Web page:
Europe’s leading public health and health promotion bodies met yesterday to discuss the EuroHealtNet Partnership’s work on health equity and sustainable wellbeing. The COVID-19 pandemic and its impacts naturally focussed the attention of the 61 member agencies from 26 European nations on new realities and challenges for their work in communities and internationally.
Discussions focused on moving on from this stage of the corona crisis towards a recovery phase, which will include mitigation measures against potential new waves of the virus. The General Council agreed to undertake an urgent foresight study to analyse how public health and health inequalities may change in the coming period. This will be led by the Netherlands Institute for Public Health and the Environment (RIVM) in collaboration with the partnership. It is already clear that EuroHealthNet and its member agencies have vital roles to play on the ground in their home countries and in the future of Europe. This important study will guide our strategy in the coming years, during which we will see the implementation of the next EU multiannual budget and progress towards the UN Sustainable Development Goals.
At the meeting European Commissioner for Health & Food Safety - Stella Kyriakides said:
“Health cannot be the responsibility of any one sector alone, including that of health. Instead, the success our European agenda depends on the multi-level and multisectoral cooperation. … I look forward to taking those steps alongside EuroHealthNet and its members. Together we can develop a healthier and more equal and more sustainable society.”
Describing a post-pandemic world, WHO Europe Regional Director - Hans Kluge said
“Perhaps we must look far beyond the ordinary and aim for the extraordinary.” He added that “The EuroHealthNet partnership plays a vital role in the WHO European Region…. [I look forward] to continuing and scaling up our already excellent collaboration”
European Commission Social Affairs Director – Katarina Ivankovic-Knezev noted proposed changes and opportunies to improve health and wellbeing for all in the EU’s next multi-annual budget and ongoing legislative proposals. She identified the European Pillar of Social Rights as being an important tool to build inclusive societies.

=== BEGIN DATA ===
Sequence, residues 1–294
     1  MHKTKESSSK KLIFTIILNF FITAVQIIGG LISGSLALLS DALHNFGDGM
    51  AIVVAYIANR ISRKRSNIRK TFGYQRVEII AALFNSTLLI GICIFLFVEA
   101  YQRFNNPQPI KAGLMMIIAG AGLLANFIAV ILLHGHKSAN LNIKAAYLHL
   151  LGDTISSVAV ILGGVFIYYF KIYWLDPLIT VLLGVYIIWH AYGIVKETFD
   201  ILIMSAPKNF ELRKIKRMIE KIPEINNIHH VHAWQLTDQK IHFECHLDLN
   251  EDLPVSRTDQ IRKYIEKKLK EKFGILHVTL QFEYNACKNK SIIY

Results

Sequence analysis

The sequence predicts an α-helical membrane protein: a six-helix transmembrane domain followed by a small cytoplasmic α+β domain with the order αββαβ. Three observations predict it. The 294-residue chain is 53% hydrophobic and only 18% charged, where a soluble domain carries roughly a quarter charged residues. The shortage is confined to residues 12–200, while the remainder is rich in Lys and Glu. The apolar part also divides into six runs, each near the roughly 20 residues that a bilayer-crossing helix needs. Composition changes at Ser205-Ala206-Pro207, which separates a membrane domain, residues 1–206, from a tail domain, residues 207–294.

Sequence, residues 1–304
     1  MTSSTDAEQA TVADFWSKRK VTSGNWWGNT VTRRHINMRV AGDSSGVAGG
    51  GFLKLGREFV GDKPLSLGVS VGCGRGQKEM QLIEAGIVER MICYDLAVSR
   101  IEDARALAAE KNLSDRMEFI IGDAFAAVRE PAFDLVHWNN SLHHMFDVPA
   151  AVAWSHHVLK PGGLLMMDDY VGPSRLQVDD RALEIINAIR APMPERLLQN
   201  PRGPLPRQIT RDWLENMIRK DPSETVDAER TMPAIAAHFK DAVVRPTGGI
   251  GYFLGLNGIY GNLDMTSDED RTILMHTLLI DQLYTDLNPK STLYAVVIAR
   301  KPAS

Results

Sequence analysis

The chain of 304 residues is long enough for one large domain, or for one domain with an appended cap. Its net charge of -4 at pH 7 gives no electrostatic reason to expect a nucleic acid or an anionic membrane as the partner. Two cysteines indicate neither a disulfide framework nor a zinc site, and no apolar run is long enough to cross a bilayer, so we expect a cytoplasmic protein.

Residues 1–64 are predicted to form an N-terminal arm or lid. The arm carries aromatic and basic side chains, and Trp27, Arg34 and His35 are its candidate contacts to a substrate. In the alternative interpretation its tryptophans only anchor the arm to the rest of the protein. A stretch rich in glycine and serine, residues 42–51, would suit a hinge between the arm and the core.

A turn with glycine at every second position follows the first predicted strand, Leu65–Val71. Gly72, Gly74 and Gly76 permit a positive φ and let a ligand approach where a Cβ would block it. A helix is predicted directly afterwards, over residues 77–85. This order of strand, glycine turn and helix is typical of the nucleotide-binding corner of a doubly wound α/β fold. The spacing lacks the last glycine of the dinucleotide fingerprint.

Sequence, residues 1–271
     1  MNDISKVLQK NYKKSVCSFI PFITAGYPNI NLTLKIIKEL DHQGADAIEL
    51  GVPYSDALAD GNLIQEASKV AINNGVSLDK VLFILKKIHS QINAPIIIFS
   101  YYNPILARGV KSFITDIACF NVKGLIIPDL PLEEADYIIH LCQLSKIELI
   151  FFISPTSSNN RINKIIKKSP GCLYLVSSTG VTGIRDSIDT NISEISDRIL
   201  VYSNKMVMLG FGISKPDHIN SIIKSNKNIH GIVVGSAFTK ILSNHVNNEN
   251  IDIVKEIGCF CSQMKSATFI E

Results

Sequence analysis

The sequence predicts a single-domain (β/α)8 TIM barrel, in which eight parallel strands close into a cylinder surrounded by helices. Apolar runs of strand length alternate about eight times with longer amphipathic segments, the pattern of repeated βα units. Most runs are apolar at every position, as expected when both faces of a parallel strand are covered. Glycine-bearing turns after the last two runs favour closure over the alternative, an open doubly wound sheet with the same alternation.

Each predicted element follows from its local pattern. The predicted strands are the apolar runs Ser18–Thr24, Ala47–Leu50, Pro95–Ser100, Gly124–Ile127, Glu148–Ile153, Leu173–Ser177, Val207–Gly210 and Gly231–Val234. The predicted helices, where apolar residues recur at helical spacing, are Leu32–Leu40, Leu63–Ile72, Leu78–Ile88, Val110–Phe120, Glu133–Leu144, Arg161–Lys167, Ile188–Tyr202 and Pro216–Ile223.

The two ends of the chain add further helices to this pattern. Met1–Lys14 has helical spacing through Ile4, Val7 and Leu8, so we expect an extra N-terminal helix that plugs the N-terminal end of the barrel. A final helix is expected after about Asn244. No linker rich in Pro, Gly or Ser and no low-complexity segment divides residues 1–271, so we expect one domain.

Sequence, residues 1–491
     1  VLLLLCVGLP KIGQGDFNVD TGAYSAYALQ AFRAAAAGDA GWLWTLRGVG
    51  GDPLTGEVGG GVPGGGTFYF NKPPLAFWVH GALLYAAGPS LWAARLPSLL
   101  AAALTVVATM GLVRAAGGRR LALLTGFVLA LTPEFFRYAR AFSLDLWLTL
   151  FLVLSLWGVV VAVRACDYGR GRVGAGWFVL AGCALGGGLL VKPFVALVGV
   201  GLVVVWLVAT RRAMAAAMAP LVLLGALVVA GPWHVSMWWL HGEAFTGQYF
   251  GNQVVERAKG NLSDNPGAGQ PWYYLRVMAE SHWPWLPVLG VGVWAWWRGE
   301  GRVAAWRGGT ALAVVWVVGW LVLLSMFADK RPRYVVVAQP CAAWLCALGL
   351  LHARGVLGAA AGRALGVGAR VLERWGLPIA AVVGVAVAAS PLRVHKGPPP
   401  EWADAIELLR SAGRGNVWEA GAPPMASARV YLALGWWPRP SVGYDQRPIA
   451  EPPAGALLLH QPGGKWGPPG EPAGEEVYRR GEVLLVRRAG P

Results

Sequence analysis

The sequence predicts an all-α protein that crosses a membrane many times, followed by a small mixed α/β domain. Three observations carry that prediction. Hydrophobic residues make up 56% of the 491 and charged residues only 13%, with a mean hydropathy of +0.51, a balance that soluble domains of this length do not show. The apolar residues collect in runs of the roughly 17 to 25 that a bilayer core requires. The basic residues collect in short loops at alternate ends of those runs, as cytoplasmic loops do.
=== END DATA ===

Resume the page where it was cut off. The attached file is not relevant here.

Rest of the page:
Representatives from national health agencies presented their strategies to move forward to mitigate the pandemic and its consequences for widening health inequalities.
Participants heard from Public Health Agency of Sweden about the national approach to controlling the outbreak of COVID-19 while keeping many areas of the economy open, and how decentralised governance shapes decision making in the country.
The Institute of Public Health (Ireland) noted a change in public perception: people now have a better understanding of health inequalities, and the importance of caring for the vulnerable is recognised; we are seeing a shift away from an individual-based view of health.
Santé Publique France shared details of their bi-weekly survey on the impacts of the pandemic and confinement on anxiety and mental health. The survey also addresses the determinants of mental health and the social gradient. The need to focus on the effect on people in insecure employment was noted.
Newly re-elected EuroHealthNet President Mojca Gabrijelčič Blenkuš said:
“The General Council outcomes show how EuroHealthNet is a dynamic, modern, and well-grounded partnership. We are adapting and preparing for the challenges of the decade ahead, while acting urgently on the new needs for recovery from the immediate crisis situation.”
EuroHealthNet Director Caroline Costongs said: “The updated Annual Work Programme, agreed at the meeting, reflects how we will support our members during the recovery phase. We are committed to continuing our work bridging EU institutions and our partners in European countries. I also look forward to enhanced liaison with International Organisations, particularly the World Health Organisation”.
Four new members were welcomed to the partnership
- The Italian National Institute of Health (l'Istituto Superiore di Sanità, ISS)
- The Luxembourg Institute of Socio-Economic Research (LISER)
- The Italian National Federation of Professional Nursing Orders (FNOPI)
- The Associazone Pianoterra (as associate partner)
The partnership welcomed the new European Union programmes, instruments and resources that have been proposed in the EU Multiannual Financial Framework (MFF), to come into force from 2021. The potential transformation of EU actions for health, wellbeing, and equity are welcome and support the recovery phase for the coming years. Details must be swiftly clarified, negotiated, and implemented.
Identified important areas of work and progress at the European level include
- Substantial provisions in the new stand-alone EU Health Programme ‘EU4Health’
- Europe’s Beating Cancer Plan and research within Horizon Europe.
- Health system transformations, health improvement, and equity as key features of the next EU long-term Budget. This includes:
- Strengthened governance on economic, social, and sustainable priorities through the revised European Semester.
- Potential progress on the European Pillar of Social Rights, especially its domains for accessible preventive and curative health and care
The EU Skills Agenda and Child Guarantee.
- Funds for investment, innovation, and job creation (InvestEU); European Social Funds Plus (ESF+); the Just Transition Fund for socio-economic transformation in regions relying on fossil fuels and carbon-intensive industries; Cohesion funds; and Urban and Rural Development Funds.
- The proposed ‘European Green Deal’, action on healthy, sustainable and fair food system in the ‘Farm to Fork’ strategy, action plans on tackling climate change, work on developing circular economies, and progress towards the SDGs.
Health literacy has become central to the Europe Fit for a Digital Age’ communication.